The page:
Intel: Fifty Years Under Moore's Law

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CaedenV

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Moore's law is truly an astounding principal, but it died some 10 years ago and Intel keeps redefining it in a weird fettish of keeping it true at all costs. It use to be the number of transistors per dollar, but then we started having so many transistors that this could not be sustained. Then it was effective processing power per dollar, which pushed them through another few generations... until raw performance hit a brick wall. Now it is popularly defined as performance per watt per dollar, which works out well right now as effective performance is at a near stand-still, but they are achieving that performance at lower and lower TDP. But that is only going to work for a few more years until they are done with their die-shrink campaign. It will be interesting to see how it gets redefined again in the next 5-10 years so that Intel can continue to claim that Moore's Law is still somehow with us.

Don't get me wrong, the man was/is a visionary, and his 'Law' was totally unexpected but turned out to be very true for a very long time; truly a game changing paradigm in the industry. Intel just needs a new vision to follow... or perhaps just a little bit of competition from another chip maker in order to get them to make improved products again rather than sad incremental upgrades to existing products.
 

aldaia

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A friend of mine, who works in the semiconductor industry, made another interesting prediction: "Intel will go bankrupt before recognizing that Moore's Law is over" :)
 

right2myopinion

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Say what you want, but Intel CPUs are currently the best. If "Moore's Law" is what's driving them to achieve higher standards, then by all means continue because we (the consumers) greatly benefit from it. I don't care if it's Intel, AMD, etc., competition is great for business and innovation. At first it was clock speed, then multi core, can't wait to see what's next.
 

bin1127

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Since moore's law ushered in the age of semiconductors, the law will probably only fade away when a new law predicting a completely genuine type of computer processing is possible. Maybe quantum computing will finally retire moore's law and a whole new era to innovate begins anew.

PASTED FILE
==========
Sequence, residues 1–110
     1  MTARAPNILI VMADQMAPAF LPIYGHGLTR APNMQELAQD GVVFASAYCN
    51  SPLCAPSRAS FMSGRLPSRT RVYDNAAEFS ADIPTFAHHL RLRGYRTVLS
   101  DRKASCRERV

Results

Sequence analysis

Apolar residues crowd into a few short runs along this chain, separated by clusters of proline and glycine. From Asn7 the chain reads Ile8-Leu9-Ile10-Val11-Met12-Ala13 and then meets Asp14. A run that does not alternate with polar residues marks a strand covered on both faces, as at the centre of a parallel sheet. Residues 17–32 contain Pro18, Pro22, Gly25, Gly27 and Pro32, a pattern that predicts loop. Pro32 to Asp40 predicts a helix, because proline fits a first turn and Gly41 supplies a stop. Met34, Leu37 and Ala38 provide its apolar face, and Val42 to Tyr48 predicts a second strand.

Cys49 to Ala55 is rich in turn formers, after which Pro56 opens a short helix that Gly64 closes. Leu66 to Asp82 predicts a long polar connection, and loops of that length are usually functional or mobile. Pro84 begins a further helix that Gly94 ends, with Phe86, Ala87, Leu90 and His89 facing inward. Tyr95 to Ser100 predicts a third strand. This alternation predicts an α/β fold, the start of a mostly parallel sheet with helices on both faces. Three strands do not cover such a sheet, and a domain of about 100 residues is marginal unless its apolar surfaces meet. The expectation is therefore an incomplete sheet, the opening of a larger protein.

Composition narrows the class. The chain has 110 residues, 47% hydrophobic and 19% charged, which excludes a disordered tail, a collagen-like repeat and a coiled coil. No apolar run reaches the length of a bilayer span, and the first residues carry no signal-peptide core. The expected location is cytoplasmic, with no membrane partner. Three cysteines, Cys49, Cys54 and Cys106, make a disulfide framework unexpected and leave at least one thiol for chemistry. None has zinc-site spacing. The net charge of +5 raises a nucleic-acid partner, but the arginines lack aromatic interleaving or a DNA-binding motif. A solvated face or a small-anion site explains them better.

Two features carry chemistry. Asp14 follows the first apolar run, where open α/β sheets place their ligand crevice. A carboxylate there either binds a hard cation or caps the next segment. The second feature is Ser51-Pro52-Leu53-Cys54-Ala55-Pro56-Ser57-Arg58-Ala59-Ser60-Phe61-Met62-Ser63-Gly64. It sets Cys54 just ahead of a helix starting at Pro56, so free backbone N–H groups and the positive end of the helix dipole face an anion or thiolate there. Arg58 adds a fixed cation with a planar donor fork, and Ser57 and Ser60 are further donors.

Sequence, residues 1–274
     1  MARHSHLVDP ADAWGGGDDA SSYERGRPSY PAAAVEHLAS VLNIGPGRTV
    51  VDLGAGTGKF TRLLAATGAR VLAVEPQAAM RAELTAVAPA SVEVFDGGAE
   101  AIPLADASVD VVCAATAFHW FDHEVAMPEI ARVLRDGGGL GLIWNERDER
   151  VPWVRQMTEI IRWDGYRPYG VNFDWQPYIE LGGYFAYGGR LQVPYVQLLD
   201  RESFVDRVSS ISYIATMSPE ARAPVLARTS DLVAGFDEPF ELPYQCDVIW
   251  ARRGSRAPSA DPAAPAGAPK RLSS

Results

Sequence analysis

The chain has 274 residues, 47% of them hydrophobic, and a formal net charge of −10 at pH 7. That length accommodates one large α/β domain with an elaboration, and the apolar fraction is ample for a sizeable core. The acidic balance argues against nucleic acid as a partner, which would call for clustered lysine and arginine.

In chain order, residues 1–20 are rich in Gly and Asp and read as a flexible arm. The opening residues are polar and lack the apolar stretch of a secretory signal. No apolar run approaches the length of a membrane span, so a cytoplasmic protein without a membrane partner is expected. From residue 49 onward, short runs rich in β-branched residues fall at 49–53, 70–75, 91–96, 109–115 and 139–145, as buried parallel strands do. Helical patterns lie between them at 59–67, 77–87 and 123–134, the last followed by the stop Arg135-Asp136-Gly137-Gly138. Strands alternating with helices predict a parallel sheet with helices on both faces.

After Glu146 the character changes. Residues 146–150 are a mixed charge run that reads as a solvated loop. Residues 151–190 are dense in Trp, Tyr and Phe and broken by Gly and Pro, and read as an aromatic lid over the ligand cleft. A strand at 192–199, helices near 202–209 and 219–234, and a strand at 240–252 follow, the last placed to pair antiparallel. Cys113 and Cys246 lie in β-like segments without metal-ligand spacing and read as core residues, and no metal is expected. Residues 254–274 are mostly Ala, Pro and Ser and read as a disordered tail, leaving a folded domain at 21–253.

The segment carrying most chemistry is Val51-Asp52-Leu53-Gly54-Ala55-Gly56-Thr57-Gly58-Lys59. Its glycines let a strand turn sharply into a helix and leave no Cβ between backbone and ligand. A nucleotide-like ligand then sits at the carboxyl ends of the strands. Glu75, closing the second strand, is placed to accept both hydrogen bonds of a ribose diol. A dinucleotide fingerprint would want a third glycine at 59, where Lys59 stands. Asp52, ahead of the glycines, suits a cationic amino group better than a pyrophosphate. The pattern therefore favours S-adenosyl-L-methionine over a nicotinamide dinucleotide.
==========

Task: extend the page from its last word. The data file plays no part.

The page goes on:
beetlejuicegr

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Since moore's law ushered in the age of semiconductors, the law will probably only fade away when a new law predicting a completely genuine type of computer processing is possible. Maybe quantum computing will finally retire moore's law and a whole new era to innovate begins anew.
On the contrary, i believe that if a new technology of computing appear, the moore law will live again as the rise in performance every few years will skyrocket again.

Think about it, we say the moore law is now out of sync as newer chips are say declining in the performance acceleration of the last decades.

It is like when moore thought about his law. They were not making semiconductors as they were expensive right? And he did his research and foreseen that the new technology will rise etc.


So it's the same now. Semiconductors are going 3D etc etc etc but at some point things will change. Who knows, optical chips? Crazy stuff? crystal like chips? who knows, but when this happens , the performance will go acceleration mode again rising and rising till the next tech advancement.

 

kinggremlin

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Moore's law is truly an astounding principal, but it died some 10 years ago and Intel keeps redefining it in a weird fettish of keeping it true at all costs. It use to be the number of transistors per dollar, but then we started having so many transistors that this could not be sustained. Then it was effective processing power per dollar, which pushed them through another few generations... until raw performance hit a brick wall. Now it is popularly defined as performance per watt per dollar, which works out well right now as effective performance is at a near stand-still, but they are achieving that performance at lower and lower TDP. But that is only going to work for a few more years until they are done with their die-shrink campaign. It will be interesting to see how it gets redefined again in the next 5-10 years so that Intel can continue to claim that Moore's Law is still somehow with us.